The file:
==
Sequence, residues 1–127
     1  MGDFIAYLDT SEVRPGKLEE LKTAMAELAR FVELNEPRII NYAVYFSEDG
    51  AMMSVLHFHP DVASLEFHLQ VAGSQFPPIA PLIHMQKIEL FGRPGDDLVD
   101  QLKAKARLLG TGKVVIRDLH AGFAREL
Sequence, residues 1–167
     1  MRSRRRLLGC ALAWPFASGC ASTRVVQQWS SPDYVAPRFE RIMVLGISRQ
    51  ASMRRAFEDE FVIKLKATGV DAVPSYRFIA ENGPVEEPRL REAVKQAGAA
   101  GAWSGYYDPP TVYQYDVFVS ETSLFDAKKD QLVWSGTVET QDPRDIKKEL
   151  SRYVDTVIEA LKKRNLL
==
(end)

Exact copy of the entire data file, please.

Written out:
Sequence, residues 1–127
     1  MGDFIAYLDT SEVRPGKLEE LKTAMAELAR FVELNEPRII NYAVYFSEDG
    51  AMMSVLHFHP DVASLEFHLQ VAGSQFPPIA PLIHMQKIEL FGRPGDDLVD
   101  QLKAKARLLG TGKVVIRDLH AGFAREL
Sequence, residues 1–167
     1  MRSRRRLLGC ALAWPFASGC ASTRVVQQWS SPDYVAPRFE RIMVLGISRQ
    51  ASMRRAFEDE FVIKLKATGV DAVPSYRFIA ENGPVEEPRL REAVKQAGAA
   101  GAWSGYYDPP TVYQYDVFVS ETSLFDAKKD QLVWSGTVET QDPRDIKKEL
   151  SRYVDTVIEA LKKRNLL